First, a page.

Good Girls by Laura Ruby is the fantastic story of Audrey, a good girl. She’s smart, a high achiever, she’s a great daughter and better friend. But then someone takes an incriminating photo of her with Luke DeSalvio, when they thought they were alone, and it gets sent to everyone at school. Who took the photo? Why is she the only one who’s getting grief? And what will happen when her Mum and Dad find out? I absolutely love this story, it was one of the first books I read when starting to read YA, and it’s exactly what’s so good about the category. It’s thought-provoking and eye-opening, and just brilliant.

And finally, Screwed by Joanna Kenrick, one of the most incredible novels on teenage sexuality I have every read, one that is sadly out of print – but available on our website. Fifteen-year-old Marsha is wild, rebellious, and has gone off the rails. She goes out clubbing until very late, gets incredibly drunk, and sleeps around. A lot. When her best friend Faith bets her fifty pounds she won’t be able to get Rich, a boy in their year, to sleep with her, she agrees. Boys are all the same, and Marsha knows what they like, why would this one be any different? Except Rich is different; he’d rather a relationship than a one-night stand. What Marsha doesn’t realise is so would she. An incredibly moving and powerful story that is about so much more than casual sex.
Screwed by Joanna Kenrick

But there plenty of others - perhaps Moran (and maybe you) should check out the posts for Sex in Teen Lit Month I held in 2009, and the second edition coming up later this year - but also various YA novels about teenage girls having “adventures” that don’t involve sex, like The Chemical Garden series by Lauren DeStefano, The Summer I Turned Pretty by Jenny Han, Adaptation by Malinda Lo, Wicked Lovely by Melissa Marr, Sing Me To Sleep by Angela Morrison, and so many others.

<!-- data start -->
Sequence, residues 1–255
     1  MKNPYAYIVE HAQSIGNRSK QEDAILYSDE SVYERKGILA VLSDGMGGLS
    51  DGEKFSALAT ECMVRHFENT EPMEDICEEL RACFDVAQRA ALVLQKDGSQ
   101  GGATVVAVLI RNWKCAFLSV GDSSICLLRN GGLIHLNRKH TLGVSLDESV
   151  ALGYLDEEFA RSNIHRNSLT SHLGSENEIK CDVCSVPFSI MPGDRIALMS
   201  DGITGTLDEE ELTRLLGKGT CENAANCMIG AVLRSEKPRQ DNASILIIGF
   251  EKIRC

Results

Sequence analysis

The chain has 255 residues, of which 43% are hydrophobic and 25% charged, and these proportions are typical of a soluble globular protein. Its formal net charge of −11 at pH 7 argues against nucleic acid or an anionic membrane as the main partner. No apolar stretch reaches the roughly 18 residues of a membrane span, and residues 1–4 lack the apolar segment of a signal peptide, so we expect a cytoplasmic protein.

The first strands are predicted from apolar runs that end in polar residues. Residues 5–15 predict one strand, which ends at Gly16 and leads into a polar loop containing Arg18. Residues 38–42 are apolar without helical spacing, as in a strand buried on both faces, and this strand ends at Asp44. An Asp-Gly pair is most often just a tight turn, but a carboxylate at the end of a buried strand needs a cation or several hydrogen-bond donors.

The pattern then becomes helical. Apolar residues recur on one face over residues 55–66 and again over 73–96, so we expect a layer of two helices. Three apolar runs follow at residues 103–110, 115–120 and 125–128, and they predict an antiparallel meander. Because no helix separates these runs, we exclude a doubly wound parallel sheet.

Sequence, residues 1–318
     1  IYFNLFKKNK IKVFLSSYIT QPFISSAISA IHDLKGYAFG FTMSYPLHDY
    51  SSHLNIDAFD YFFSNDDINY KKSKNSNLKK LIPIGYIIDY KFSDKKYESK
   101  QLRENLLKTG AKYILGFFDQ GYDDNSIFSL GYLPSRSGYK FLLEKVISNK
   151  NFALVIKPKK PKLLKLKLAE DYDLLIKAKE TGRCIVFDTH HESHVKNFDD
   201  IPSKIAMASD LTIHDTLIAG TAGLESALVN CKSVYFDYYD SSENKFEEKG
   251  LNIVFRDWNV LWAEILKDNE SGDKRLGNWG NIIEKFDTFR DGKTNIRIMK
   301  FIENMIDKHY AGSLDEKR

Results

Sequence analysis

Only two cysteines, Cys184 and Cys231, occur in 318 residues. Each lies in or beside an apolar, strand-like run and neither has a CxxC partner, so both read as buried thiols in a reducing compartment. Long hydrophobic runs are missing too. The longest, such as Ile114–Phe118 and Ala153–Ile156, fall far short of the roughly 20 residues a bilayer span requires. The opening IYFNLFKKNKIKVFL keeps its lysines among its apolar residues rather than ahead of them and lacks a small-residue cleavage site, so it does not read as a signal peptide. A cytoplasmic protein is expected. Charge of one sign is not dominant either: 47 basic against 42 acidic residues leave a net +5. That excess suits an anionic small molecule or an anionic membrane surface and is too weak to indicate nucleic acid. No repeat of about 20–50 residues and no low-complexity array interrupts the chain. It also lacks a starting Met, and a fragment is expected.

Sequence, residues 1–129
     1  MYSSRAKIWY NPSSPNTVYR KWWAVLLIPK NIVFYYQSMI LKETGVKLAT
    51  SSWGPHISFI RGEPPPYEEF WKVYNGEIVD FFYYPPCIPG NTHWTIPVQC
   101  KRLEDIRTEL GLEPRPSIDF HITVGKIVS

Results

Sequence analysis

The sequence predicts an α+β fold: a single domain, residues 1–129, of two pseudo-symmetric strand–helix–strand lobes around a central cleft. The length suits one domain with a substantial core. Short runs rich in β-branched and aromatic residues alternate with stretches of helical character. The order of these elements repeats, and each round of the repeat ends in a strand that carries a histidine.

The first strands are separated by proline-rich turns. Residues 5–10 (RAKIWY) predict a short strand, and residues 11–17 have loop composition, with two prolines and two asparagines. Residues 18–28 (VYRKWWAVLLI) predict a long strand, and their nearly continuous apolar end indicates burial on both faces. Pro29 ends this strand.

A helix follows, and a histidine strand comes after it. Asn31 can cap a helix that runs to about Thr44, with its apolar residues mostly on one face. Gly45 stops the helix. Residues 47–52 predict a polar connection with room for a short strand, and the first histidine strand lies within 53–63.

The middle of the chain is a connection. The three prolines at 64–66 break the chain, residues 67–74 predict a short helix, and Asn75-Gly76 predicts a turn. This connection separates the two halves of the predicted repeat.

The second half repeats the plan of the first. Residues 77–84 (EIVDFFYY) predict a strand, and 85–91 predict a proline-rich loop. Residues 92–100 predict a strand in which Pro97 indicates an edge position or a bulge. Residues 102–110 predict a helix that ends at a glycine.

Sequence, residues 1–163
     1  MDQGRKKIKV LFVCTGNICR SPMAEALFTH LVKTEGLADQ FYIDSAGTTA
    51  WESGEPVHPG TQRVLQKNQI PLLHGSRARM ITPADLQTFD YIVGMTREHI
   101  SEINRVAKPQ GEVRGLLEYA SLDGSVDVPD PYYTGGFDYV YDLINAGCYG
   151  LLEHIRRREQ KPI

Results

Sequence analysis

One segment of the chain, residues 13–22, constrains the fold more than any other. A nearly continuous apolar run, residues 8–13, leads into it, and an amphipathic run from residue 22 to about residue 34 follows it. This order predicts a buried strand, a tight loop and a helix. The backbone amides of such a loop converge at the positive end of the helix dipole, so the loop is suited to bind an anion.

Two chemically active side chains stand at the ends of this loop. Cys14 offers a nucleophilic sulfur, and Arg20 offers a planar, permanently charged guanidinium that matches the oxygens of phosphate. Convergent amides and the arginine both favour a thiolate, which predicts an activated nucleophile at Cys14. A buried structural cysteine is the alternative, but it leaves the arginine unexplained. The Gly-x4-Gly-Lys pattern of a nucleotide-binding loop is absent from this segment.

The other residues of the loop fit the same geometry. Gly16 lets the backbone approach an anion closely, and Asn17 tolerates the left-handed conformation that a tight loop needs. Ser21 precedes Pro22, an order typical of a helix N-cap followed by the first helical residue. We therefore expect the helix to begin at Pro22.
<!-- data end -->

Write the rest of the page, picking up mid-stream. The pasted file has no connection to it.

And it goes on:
I do hope Moran does pick up a few more YA novels, because she’s definitely been missing out on some amazing books. If anyone wants further recommendations of fantastic YA with female protagonists, you should look up the #caitlinmoranshouldread hashtag on Twitter, started by YA author Keris Stainton – I’m not the only one thinking Moran’s might like to read a few more YA novels.

2 comments:

  1. What a fantastic list of suggestions, Jo! Seriously, I think the only people who make comments like these are people who've decided that Twilight represents ALL of YA, and has Thr Vampire Diaries in telly to back then up. There are so many fabulous-_AND HIGH PROFILE!--non-paranormal (and sexual!) YA novels being published. From the obvious (John Green, anyone?) to the less high profile, like Hannah Harrington or JH Trumbke. It's such an injustice to pretend they don't exist just because you've never thought to look :/

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    1. Thanks! Exactly, exactly! Ok, I've only read one John Green so far - The Fault in Our Stars - and it wasn't that sexual, but still good! I think I'm behind on some of these books, but there are so many! "It's such an injustice to pretend they don't exist just because you've never thought to look :/" <--- Absolutely indeedy!